Jeff Heldt, Ph.D., PAS
Land O Lakes/Harvest States Beef Feeds
The term backgrounding is often used loosely, however it should be described as a process that adds value to both farm/ranch raised feeds as well as the cattle by "marketing" the feeds through the cattle. With that said, the profitability of backgrounding is determined by feed costs, feed efficiency, and marketing, just like any other phase of the beef feeding industry. Backgrounding can be incorporated into most any beef operation if they have the ability to confine cattle in manageable group sizes and if they have adequate on farm/ranch feed storage (hays, silages, grains, and supplements).
Calves that have been through a backgrounding program (commonly 45-90 days) are appealing to buyers because: 1) they know how to eat dry feed out of a bunk, 2) they know what a waterer is and how to use it, 3) their immune systems are "primed" if the correct rations are formulated and the proper vaccination protocols have been implemented. However, the calves should not be too "fleshy". This typically concerns cattle buyers because too much compensatory gain has been taken out of the calves. Therefore, calves should be fed to gain about 1.5-2.5 lbs/hd/d to avoid an over fleshy problem.
Backgrounding calves may be a viable option during summer drought periods as well. When forage quality and quantity are dramatically reduced and cannot support cows and calves at a desired level of performance, then an early weaning/backgrounding program can be initiated. This will allow the cows to pick up body condition throughout the summer and allow the producer to grow calves at a pace that will allow them to market calves when the time is right. Additionally, there can be a demand from the feedyards for these lightweight warmed up calves.
STARTING CALVES IN A BACKGROUNDING PROGRAM
First of all, water is often an overlooked nutrient and cattle simply will not eat if plenty of good, clean water is not available. Growing calves will consume 5-15 gallons/day depending on size and temperature. Allowing 1 foot of tank/waterer space per 20 head is a good guideline to work from. To minimize muddy conditions around the water tank, a 6-foot concrete apron should be extended beyond the tank.
Secondly, calves know what grass is, so use it to your advantage. It can be an extremely effective tool for starting calves in the lot. Provide calves with good quality grass hay for 5-7 days. During this time period introduce your starter ration or complete pelleted feed on top of the grass hay. This will force the calves to eat the starter diet and become accustomed to it when they are trying to gain access to the grass hay. After the calves know what the bunk is and are eating well, hopefully within 7-10 days, then further ration adjustments can be made.
If diets are to consist of large amounts of grain, ration changes should take place over a 3-5 day period (only if intakes are adequate). Avoid any excessively processed grains. They will potentially induce digestive upsets. Grain processing may not even be necessary if feed grain prices are low and the grains are used in high roughage rations. The slight increase in feed efficiency that occurs when grain is processed (grinding or rolling) may not yield a high enough return if grain prices are low. Another pound of grain may be fed in order to get the same performance response as processing and cost less. However, if grain prices increase, then it would be beneficial to coarsely crack/roll grains.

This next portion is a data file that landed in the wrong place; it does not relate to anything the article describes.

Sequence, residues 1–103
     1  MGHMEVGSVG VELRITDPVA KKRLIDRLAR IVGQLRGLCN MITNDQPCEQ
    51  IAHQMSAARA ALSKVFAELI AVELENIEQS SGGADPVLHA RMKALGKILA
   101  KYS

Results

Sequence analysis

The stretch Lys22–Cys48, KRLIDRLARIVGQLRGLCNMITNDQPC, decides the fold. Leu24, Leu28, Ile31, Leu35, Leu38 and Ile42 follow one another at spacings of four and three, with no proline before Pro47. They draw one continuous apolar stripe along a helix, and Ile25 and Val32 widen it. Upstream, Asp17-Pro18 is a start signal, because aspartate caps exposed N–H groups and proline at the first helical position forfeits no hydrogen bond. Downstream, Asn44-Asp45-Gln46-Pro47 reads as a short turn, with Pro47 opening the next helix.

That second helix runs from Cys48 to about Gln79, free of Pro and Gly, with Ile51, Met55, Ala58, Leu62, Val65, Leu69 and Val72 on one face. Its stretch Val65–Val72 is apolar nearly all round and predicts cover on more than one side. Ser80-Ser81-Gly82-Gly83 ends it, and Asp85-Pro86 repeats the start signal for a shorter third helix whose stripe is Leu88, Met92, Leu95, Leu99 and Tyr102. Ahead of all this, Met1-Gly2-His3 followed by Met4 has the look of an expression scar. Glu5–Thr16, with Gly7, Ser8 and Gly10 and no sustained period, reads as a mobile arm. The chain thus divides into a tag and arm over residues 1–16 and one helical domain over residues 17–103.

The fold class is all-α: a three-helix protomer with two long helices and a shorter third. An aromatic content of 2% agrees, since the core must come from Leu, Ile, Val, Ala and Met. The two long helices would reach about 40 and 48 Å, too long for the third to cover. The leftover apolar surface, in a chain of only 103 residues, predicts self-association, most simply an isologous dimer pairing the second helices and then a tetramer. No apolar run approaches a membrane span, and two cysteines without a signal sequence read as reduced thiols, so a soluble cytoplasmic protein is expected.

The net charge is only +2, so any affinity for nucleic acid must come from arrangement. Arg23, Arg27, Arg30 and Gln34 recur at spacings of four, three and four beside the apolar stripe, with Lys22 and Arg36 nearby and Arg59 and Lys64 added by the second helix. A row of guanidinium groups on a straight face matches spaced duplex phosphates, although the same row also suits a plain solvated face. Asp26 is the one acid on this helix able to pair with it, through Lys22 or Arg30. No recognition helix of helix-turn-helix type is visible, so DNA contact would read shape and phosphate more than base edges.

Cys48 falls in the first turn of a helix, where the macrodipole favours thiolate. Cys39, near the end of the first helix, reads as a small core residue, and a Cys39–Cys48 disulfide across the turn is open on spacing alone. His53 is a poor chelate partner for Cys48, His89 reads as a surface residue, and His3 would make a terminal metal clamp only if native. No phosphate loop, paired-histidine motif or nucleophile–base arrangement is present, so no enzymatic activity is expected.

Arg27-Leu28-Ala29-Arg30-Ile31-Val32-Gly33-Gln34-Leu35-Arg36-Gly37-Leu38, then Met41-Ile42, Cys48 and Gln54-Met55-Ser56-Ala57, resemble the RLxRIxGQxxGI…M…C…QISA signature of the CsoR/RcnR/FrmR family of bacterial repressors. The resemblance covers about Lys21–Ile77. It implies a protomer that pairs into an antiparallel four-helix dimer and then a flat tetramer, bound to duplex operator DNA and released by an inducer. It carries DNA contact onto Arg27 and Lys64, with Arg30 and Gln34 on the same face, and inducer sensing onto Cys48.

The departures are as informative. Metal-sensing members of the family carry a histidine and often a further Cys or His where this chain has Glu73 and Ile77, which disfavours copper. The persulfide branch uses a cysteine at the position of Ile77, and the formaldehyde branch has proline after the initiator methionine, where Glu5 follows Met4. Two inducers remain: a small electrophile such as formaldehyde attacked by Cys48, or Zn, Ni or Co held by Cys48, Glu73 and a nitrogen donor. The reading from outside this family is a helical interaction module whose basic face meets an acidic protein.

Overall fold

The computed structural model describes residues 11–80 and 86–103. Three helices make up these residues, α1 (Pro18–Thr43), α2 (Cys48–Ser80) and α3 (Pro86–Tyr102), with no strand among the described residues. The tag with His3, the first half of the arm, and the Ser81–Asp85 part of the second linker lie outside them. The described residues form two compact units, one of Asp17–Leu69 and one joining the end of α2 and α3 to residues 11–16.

Also, avoid large amounts of fermented feeds (silages) in the starting program. Cattle may have a slight aversion to fermented feeds if they are offered in large quantities or if they simply were not harvested and stored properly. These feeds should be gradually stepped up in the feeding program, similarly like grains.
There are several management practices that should be considered when feeding cattle for optimum performance and minimal costs. First, excessively muddy lots can be a performance robber. Muddy conditions can reduce feed efficiency up to 30%. If calves are to be fed from late fall to mid-winter, then there are chances for excessive moisture to occur. Therefore proper lot design is important. Pens should be sloped away from the bunk. Pens should have an 15-20 foot concrete apron by the bunk. If cattle have to wade through mud on their way to the bunk and then stand in the mud to eat, they simply won’t eat as much and more of their energy is used to battle the muddy conditions. Generally, pen size should be 150-300 square foot per calf. The bigger the cattle, the more space is needed. The pens should also have mounds in them. This will allow the cattle to rest on a dry place and can help with drainage. Along these same lines, proper wind protection is a must. Windbreaks should be about 100 feet away from the pens to avoid snowdrifts in the pen. Depending on calf size, 18-26 inches of bunk space should be allowed per calf when starting them on feed. Especially if only using an once/day feeding schedule. If feeding twice/day, then 8-12 inches/calf should be required. More information is available on a video developed in cooperation with Iowa State University entitled "You Have a Lot to Lose". The video and a brochure are available from your Land O Lakes feed cooperative.